"We don't agree with these self-defeating proposals and will be urging DECC to take up our alternative", said Mike Landy, STA Head of Policy. "A sudden cut combined with the threat of scheme closure is a particularly bad idea - it will create a huge boom and bust that is not only very damaging to solar businesses and jobs but does nothing to help budget constraints.
"We really are astonished at how self-defeating these proposals are. Instead, we are calling on the Government to work with the solar industry to deliver our plan for a stable glide path to subsidy-free solar."
What is especially hard to understand about the proposals is that they offer so much lower rates for solar power than the other technologies covered by the FIT scheme, when the solar sector has been uniquely successful at cutting costs.
In effect the solar sector is being punished for its success, and the only conceivable reason for so doing is to protect the existing fossil fuel power generation industry and the 'Big Six' energy oligopoly from the competition that cheap solar power represents.
What about the climate?
Meanwhile Friends of the Earth has raised the question of how this move - which it says "will essentially end support for rooftop solar energy" - squares with the UK's climate change targets, especially pertinent as the world prepares for the COP21 UN climate negotiations in Paris this December.
"From California to China, the world is reaping the benefits of a solar revolution, yet incredibly in the UK David Cameron is actually trying to shut rooftop solar down", said FoE energy campaigner Alasdair Cameron.
"Policies like this will further undermine David Cameron's credibility on climate change. World leaders meeting in Paris later this year will have every right to call him a hypocrite.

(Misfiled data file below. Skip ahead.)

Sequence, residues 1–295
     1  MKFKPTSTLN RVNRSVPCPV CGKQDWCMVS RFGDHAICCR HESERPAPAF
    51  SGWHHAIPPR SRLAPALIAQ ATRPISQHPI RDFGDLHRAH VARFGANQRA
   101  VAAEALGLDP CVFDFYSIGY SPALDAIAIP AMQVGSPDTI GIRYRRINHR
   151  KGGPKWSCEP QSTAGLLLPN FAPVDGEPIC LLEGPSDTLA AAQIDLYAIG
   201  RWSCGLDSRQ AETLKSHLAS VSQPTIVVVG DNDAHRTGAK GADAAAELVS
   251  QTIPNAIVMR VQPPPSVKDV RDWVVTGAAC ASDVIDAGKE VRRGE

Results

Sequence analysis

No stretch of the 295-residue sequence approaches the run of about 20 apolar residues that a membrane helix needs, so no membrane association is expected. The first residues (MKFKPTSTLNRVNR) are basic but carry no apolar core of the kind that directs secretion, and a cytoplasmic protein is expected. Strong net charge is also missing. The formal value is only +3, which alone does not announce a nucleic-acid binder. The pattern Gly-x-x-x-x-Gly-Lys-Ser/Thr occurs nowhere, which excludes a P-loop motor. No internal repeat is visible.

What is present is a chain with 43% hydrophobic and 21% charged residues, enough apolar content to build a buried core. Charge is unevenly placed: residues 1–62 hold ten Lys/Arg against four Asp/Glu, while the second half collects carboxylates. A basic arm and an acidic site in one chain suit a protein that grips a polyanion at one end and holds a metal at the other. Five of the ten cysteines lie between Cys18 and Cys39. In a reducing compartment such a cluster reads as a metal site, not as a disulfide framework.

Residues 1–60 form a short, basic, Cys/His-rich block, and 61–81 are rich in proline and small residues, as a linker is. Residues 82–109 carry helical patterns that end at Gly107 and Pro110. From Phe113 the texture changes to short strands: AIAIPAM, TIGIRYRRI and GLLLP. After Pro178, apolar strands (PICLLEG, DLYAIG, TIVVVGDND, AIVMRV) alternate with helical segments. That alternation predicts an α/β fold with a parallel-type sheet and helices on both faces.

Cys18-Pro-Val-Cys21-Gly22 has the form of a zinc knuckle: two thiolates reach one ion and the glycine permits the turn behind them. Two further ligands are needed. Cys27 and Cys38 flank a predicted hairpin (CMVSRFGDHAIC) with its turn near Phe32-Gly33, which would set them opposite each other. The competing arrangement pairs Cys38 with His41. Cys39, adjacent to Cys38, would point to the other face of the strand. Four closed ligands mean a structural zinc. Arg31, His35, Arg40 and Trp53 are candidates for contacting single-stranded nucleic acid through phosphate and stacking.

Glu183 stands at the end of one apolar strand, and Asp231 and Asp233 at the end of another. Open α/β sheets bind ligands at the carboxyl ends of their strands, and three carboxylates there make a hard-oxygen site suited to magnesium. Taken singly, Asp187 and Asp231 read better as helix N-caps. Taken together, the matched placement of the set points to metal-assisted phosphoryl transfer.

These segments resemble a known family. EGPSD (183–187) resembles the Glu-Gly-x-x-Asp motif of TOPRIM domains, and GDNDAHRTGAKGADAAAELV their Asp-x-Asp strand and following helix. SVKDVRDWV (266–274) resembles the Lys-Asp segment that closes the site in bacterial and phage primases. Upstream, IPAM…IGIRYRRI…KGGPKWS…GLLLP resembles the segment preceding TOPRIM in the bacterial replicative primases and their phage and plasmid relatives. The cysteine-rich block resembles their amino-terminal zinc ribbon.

"Of course the feed-in tariff should fall as solar becomes cheaper, but the government clearly plans to remove support entirely. This is politically-motivated, and will take away power from people and hand it back to big energy firms.
"These absurd solar cuts will send UK energy policy massively in the wrong direction and prevent almost a million homes, schools and hospitals from plugging in to clean, renewable energy. Instead of championing fossil fuels, the Government should focus on developing the UK's huge renewable energy potential."
Now the STA is initiating a campaign aimed at forcing the government to back down: "We have already written to the Prime Minister with 100 local authorities, community energy groups and professional associations in support of FITs. When Parliament returns we intend to grow this alliance and fight hard for a policy and a technology that gives power to the people."
But the Government has a warning of its own, threatening the closure of the entire FIT scheme as soon as January 2016 if agreement is not reached:
"If such measures cannot put the scheme on an affordable and sustainable footing then there should be an end to generation tariffs for new applicants as soon as legislatively possible, which we would expect to be January 2016."
Oliver Tickell edits The Ecologist.